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Science & Technology Commission
Meeting Minutes
October 26, 1999

Attendees: Anita Jones (chair), Janis Antonovics, Suzanne Farnsworth, Ian Harrison, George Hornberger, Bob Jones, Dick Merrill, John O’Connell, Gary Owens, Karen Parshall, Dennis Proffitt, Kevin Sullivan. Ex officio: Jeffrey Plank, Tim Sigmon, Dick Sundberg, Haydn Wadley. Staff: Amy Cronin, Charlie Feigenoff, Denise Karaoli, Brian Moriarity, Peggy Reed, Fariss Samarrai.


Meeting Summary

Bob MacWright, executive director of the U.Va. Patent Foundation, discussed national and local trends related to intellectual property and technology transfer and the impact of these trends on the University. He based his comments on the assumption that IP will have an expanded role at U.Va. by the year 2020.


National Trends:

  1. Federal funding laws, such as the Bayh-Dole Act of 1980, are pushing universities toward commercialization. Federal RFPs increasingly ask for practical outcomes from federally funded research.
  2. Corporations are increasingly reliant on universities for basic scientific research. University-spawned start-ups are providing primary applied research and early product development. Most corporate R&D now focuses on late-stage product development. As a result, corporate funding of university research is increasing dramatically (total of $2.2 billion in 1997).
  3. Technology transfer activity in U.S. universities is increasing. The number of patents granted to universities in 1980 was 250; the number granted in 1997 was 2,645. Universities had $698.5 million in licensing income in 1997. University IP practices have become broader and more complex.
  4. Faculty are becoming more interested in commercialization. Successful start-ups are creating wealth. Faculty members and university administrators are openly discussion entrepreneurism. Support for technology transfer/start-ups is an important faculty recruitment issue.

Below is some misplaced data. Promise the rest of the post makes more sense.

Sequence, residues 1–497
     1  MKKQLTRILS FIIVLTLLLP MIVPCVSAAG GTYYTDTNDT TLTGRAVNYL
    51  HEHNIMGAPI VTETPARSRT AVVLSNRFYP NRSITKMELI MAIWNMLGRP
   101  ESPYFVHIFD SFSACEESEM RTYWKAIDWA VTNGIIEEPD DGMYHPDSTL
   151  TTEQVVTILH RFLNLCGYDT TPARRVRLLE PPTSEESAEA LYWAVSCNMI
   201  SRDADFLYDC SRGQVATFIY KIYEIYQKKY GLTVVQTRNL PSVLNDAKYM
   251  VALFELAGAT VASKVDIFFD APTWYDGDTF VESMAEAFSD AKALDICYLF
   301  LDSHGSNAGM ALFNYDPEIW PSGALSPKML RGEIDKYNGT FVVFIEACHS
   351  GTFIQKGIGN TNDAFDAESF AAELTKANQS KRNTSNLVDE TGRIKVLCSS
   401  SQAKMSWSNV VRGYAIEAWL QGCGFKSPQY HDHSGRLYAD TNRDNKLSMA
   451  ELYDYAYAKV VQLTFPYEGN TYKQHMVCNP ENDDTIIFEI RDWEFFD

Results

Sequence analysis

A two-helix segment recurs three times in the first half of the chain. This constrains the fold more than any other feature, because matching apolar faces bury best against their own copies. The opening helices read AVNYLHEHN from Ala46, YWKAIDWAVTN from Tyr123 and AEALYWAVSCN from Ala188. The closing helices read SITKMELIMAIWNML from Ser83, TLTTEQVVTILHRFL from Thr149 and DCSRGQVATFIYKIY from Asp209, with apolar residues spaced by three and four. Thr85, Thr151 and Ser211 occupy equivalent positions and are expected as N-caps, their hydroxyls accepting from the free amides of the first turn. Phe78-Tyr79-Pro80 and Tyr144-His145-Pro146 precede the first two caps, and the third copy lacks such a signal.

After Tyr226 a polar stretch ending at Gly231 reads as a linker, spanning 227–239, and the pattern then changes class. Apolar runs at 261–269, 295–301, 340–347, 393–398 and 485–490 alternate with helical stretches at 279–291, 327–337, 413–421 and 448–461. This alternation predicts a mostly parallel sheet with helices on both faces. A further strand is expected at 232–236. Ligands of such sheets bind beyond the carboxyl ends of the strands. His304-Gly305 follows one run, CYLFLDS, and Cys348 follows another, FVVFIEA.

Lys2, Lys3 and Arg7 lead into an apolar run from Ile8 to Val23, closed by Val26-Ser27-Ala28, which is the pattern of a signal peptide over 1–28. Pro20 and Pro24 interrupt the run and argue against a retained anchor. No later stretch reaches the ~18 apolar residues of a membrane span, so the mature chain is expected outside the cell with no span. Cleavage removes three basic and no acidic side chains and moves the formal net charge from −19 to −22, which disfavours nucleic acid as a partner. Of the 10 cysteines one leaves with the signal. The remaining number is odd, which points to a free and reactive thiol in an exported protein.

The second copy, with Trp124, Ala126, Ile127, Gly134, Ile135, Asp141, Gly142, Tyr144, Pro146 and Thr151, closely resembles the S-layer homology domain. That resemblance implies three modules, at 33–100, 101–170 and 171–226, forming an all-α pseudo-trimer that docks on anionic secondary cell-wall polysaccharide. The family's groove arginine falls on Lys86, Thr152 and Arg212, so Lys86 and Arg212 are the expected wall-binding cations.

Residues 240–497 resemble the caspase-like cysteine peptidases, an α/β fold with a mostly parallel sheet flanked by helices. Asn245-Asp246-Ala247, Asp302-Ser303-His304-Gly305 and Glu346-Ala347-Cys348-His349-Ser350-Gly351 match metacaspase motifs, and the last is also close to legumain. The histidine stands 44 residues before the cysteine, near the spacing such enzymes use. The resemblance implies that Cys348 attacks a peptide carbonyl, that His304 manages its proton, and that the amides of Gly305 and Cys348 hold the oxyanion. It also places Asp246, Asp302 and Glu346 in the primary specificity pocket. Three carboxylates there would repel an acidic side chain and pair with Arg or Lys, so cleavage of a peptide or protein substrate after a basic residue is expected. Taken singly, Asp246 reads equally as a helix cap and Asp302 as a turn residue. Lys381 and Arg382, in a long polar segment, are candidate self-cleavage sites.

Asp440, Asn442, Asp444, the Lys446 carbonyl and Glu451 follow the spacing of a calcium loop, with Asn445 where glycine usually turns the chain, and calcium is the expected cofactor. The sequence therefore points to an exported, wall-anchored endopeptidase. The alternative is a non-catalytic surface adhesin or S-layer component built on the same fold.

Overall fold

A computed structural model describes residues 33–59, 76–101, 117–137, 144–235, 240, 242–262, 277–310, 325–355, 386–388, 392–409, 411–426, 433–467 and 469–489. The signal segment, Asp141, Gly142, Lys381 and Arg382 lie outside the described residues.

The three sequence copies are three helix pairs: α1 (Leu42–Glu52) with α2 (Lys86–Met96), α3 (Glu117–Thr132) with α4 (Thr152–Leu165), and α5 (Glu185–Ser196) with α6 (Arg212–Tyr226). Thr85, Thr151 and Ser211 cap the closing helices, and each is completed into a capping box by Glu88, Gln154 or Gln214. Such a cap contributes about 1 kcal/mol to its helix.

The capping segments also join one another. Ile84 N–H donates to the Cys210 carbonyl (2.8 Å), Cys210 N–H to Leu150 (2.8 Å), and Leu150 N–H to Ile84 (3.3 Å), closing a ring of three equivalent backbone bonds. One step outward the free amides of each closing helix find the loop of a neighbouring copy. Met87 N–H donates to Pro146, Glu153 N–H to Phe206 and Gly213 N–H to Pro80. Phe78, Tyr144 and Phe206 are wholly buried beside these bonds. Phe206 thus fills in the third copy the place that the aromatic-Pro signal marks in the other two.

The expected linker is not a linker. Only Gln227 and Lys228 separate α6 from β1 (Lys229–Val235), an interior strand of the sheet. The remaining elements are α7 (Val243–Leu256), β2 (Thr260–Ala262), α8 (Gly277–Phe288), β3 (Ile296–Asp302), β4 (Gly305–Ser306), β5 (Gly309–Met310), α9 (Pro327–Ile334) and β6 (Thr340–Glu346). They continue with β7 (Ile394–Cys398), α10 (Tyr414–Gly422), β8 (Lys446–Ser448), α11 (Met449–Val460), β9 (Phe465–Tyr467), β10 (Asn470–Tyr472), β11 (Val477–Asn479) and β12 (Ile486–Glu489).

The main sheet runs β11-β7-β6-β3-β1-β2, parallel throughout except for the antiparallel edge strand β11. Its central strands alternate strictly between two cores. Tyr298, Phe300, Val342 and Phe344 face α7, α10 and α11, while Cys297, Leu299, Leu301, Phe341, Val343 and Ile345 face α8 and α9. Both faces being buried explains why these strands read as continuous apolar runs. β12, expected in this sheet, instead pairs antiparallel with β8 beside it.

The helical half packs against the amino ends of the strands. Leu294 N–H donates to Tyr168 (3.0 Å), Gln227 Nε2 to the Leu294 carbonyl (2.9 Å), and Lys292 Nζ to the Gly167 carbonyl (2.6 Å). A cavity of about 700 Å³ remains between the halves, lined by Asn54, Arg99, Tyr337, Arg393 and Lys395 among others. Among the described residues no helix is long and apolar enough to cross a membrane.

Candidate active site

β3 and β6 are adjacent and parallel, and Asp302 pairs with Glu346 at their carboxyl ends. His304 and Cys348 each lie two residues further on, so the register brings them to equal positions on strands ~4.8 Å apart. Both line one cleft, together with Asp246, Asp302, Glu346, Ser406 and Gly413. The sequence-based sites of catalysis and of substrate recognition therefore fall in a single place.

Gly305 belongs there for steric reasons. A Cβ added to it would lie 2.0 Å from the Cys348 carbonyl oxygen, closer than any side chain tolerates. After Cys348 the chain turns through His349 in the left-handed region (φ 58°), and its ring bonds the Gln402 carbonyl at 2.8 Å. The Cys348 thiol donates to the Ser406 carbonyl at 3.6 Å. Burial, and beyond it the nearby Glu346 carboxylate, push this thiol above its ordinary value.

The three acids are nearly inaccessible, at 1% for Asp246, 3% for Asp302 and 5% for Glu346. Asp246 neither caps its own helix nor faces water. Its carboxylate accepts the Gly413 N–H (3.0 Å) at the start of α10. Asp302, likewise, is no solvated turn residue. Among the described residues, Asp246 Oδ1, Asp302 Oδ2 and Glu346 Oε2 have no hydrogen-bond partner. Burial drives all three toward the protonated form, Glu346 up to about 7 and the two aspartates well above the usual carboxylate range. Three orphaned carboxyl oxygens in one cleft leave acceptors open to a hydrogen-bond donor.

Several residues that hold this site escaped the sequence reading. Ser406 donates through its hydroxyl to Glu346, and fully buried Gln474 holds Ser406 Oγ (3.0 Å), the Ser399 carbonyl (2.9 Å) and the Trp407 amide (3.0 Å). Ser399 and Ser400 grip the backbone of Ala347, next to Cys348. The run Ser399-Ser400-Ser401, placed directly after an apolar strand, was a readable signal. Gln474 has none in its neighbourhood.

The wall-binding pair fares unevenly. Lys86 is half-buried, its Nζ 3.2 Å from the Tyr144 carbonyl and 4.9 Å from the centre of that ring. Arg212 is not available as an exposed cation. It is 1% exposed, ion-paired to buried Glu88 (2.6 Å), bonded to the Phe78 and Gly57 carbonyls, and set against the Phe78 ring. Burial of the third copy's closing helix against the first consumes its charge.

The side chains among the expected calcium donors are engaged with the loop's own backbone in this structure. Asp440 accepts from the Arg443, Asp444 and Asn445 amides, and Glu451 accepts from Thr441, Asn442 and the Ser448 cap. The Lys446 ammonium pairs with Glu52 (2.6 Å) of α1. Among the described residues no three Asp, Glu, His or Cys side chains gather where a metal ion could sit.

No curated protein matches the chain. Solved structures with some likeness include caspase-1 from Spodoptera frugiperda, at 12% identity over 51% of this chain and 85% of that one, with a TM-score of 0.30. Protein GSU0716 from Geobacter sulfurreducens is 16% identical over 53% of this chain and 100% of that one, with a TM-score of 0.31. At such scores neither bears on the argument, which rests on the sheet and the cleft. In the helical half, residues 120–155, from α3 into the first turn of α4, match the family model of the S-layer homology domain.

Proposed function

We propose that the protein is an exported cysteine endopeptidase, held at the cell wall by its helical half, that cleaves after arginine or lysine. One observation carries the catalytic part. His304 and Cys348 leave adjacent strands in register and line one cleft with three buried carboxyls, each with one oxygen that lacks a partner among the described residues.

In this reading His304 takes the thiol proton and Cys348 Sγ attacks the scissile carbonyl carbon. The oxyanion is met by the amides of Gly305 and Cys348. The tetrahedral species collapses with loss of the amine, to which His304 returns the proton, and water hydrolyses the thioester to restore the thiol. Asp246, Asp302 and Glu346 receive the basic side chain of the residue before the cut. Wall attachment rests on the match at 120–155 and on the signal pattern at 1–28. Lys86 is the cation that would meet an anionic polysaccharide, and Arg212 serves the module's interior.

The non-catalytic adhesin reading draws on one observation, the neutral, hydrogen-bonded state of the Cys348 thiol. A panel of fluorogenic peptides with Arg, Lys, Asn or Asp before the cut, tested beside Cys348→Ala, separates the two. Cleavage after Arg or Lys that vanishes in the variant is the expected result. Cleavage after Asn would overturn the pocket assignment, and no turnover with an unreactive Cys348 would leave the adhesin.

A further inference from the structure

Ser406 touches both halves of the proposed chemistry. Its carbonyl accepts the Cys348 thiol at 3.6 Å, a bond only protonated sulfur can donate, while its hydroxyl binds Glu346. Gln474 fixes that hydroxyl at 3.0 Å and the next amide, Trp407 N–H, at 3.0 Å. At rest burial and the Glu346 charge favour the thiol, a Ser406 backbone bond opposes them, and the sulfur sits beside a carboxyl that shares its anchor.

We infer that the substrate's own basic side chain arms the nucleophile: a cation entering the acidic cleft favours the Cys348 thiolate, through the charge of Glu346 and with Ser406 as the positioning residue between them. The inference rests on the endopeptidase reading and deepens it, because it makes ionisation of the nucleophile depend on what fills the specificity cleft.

Local Trends:

  1. Research funding is expanding rapidly. U.Va. received $170 million in research funding last year, and funding is up 7% over the past five years. With the increases in funding in the federal budget, U.Va. has the potential to double its total research dollars in the short term.
  2. Patent Foundation 1999 disclosures: 76%-Medicine, 12% Arts & Sciences, 12% Engineering and Applied Science (software-6%).
  3. Patent Foundation has new perspectives: Faculty satisfaction and hustle are its top priorities. Only way to increase annual revenue is to increase the "deal flow." Patent Foundation must continue to expand to provide adequate service as activity increases.


How to prepare U.Va. for growth in research enterprise:

  1. Educate undergraduates about IP and its role in S&T. Important for students to understand university/industry roles and relationships.
  2. Educate graduate students about IP. Graduate students need familiarity with Bayh-Dole Act, patent and copyright processes, licensing, material transfer agreements, industrial research contracts.
  3. Develop relationship between Darden School faculty and scientific research faculty. Darden faculty can help researchers understand how to develop and fund a start-up company.
  4. Support expansion of research administration. Need additional staff for corporate research contract negotiation.
  5. Support continued expansion of Patent Foundation programs and services.
  6. Plan for 2020: Building a cultural continuum between the academic and commercial sectors should be a key part of University’s long-range plan for science and technology.


Discussion Topics – U.Va. Patent Foundation

  • National trends
  • Local (U.Va.) trends
  • Preparing U.Va. for research growth


Action Items

  • Distribute Patent Foundation annual report (when available)


Next Meeting

Tuesday, November 9, 1999, 7:30-9:00 am, Newcomb Hall Room 389

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